Like I said, there are two exceptions to this. There’s a gap of a year that occurs at the start of season 4 (though even this feels like it’s immediate to at least one character), and then, the end of last season involved another jump, this time of 6 months.

Honestly, I’d not thought much of it. I suppose I might just be used to corporate super-hero comics, where the exact When of things sort of exists on a sliding scale. Otherwise, Spider-Man and Batman would be ready for retirement.

But, yes: if we assume that Bill and Sookie met in 2008, when that episode first aired, then the active structure of the narrative really would build up several years’ worth of lag behind the present.

I guess the interesting thing to me about this past weekend, then, is that the writers chose to raise their hands and draw attention to that gap. It wouldn’t have been particularly difficult to have Sookie say “this entry is from October of last year … this one is from last month.” Actually, that likely would have caught my attention less than the way they chose to structure it.

Clearly the dates weren’t accidental. Someone had to sit down and work out a timeline there so that the diary entries synched up with at least a rough approximation of the progression of time in the series as presented.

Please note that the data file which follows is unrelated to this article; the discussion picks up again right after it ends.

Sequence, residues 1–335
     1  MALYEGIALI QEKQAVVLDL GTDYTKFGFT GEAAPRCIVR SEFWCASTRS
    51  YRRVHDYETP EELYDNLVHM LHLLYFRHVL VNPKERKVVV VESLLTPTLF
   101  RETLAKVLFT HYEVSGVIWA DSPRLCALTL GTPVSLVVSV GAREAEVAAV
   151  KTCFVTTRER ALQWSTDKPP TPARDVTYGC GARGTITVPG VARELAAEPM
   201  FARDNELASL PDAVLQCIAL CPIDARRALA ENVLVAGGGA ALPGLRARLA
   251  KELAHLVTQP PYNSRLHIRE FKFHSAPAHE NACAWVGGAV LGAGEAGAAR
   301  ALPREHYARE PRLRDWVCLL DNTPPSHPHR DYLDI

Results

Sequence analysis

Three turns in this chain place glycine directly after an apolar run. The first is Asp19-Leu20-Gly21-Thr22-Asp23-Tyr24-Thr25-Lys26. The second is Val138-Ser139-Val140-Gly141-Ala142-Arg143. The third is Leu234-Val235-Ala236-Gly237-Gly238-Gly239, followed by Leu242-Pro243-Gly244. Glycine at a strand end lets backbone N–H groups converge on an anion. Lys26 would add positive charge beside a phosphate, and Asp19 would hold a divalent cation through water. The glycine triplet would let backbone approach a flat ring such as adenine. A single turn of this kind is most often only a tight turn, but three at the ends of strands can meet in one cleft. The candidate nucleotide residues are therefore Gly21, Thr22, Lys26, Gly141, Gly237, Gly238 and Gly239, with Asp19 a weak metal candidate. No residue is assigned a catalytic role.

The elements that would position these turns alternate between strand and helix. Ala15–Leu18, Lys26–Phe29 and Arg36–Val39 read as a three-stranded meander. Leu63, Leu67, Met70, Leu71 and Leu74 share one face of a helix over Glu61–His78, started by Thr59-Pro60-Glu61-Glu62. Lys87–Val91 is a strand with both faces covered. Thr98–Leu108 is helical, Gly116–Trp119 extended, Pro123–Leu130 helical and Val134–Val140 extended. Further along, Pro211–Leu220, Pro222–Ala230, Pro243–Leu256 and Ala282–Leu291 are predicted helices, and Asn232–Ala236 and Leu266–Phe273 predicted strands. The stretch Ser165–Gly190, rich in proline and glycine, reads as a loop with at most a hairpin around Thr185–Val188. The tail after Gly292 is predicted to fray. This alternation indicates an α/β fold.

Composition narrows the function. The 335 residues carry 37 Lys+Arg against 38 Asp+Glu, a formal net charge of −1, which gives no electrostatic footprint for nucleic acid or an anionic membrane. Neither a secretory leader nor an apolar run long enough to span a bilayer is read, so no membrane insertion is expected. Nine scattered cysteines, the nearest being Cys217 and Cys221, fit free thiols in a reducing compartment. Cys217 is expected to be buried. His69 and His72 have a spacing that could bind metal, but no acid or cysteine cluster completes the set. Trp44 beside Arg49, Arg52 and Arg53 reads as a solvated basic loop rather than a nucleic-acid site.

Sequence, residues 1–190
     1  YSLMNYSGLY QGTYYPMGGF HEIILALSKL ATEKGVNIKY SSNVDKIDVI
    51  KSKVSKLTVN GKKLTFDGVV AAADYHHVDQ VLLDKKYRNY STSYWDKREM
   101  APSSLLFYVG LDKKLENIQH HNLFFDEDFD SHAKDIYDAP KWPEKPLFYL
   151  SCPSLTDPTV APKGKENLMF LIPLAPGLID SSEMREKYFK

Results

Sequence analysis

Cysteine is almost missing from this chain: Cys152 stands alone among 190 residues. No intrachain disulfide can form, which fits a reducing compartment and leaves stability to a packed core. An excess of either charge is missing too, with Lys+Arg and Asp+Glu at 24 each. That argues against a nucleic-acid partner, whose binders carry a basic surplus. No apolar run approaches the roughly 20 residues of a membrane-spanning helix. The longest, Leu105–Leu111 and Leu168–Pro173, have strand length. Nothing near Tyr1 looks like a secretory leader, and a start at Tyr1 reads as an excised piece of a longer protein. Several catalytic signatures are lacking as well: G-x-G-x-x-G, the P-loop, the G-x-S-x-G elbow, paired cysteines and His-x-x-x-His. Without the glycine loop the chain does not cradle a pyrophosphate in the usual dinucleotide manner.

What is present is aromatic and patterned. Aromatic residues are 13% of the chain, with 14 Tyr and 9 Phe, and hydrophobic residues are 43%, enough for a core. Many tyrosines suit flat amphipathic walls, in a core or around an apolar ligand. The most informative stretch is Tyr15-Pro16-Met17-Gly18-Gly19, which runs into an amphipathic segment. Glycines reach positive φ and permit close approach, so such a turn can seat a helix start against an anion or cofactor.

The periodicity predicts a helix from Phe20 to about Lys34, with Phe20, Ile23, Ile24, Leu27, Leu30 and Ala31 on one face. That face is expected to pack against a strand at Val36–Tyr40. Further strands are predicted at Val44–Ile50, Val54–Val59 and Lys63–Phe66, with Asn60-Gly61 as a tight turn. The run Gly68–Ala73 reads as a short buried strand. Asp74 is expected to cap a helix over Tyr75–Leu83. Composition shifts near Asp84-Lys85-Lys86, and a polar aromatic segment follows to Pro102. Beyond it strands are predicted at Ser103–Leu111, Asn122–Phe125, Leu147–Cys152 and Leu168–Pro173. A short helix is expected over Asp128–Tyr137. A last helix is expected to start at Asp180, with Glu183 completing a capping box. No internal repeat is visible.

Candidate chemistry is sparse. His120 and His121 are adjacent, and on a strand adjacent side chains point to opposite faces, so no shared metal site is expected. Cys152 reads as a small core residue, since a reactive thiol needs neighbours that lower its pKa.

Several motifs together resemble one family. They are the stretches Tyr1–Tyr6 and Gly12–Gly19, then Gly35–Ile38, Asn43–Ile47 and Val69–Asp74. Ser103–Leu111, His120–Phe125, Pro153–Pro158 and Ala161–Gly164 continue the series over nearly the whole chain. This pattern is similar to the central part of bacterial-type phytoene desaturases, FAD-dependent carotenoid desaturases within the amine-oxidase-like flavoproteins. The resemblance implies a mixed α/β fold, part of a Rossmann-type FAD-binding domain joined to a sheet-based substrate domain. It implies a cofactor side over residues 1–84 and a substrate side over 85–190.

Given that it seems like a fair amount of effort to do that calculating, I wonder if there’s more purpose to it. I wonder what’s happened between then and now that might effect the writing. Are they trying to avoid one or more developments in the world? If they’re keeping track of dates like that, does it make pop-cultural references more difficult? Is that also something that’s being vetted?

It’s possible it’s nothing more than the writers waving to the audience and saying “yes, we’ve been paying attention. Have you?” I just found it an interesting choice for the writers to draw attention to the discrepancy, to effectively announce that the series takes place in the recent past. And I wonder how that does or doesn’t impact the writers and the production choices being made.

Something like The Newsroom is intentionally designed to take place in the recent past. It’s been that way from the beginning. True Blood, though, has sort of slowly slid its way into that temporal space, and I’m curious to see if there are any other noticeable effects still waiting to crop up as the season progresses.